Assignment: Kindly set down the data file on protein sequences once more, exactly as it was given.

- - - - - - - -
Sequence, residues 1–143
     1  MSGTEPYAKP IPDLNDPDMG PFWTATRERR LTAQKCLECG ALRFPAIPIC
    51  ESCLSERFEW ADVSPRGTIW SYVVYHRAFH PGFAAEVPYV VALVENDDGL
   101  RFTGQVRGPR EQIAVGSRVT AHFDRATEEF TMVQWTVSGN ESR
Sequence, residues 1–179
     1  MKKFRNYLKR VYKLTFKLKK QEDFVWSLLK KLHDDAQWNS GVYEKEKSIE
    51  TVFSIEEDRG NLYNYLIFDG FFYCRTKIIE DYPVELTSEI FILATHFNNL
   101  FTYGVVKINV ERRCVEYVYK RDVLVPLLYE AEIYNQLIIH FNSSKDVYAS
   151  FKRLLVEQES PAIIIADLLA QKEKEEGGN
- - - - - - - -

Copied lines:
Sequence, residues 1–143
     1  MSGTEPYAKP IPDLNDPDMG PFWTATRERR LTAQKCLECG ALRFPAIPIC
    51  ESCLSERFEW ADVSPRGTIW SYVVYHRAFH PGFAAEVPYV VALVENDDGL
   101  RFTGQVRGPR EQIAVGSRVT AHFDRATEEF TMVQWTVSGN ESR
Sequence, residues 1–179
     1  MKKFRNYLKR VYKLTFKLKK QEDFVWSLLK KLHDDAQWNS GVYEKEKSIE
    51  TVFSIEEDRG NLYNYLIFDG FFYCRTKIIE DYPVELTSEI FILATHFNNL
   101  FTYGVVKINV ERRCVEYVYK RDVLVPLLYE AEIYNQLIIH FNSSKDVYAS
   151  FKRLLVEQES PAIIIADLLA QKEKEEGGN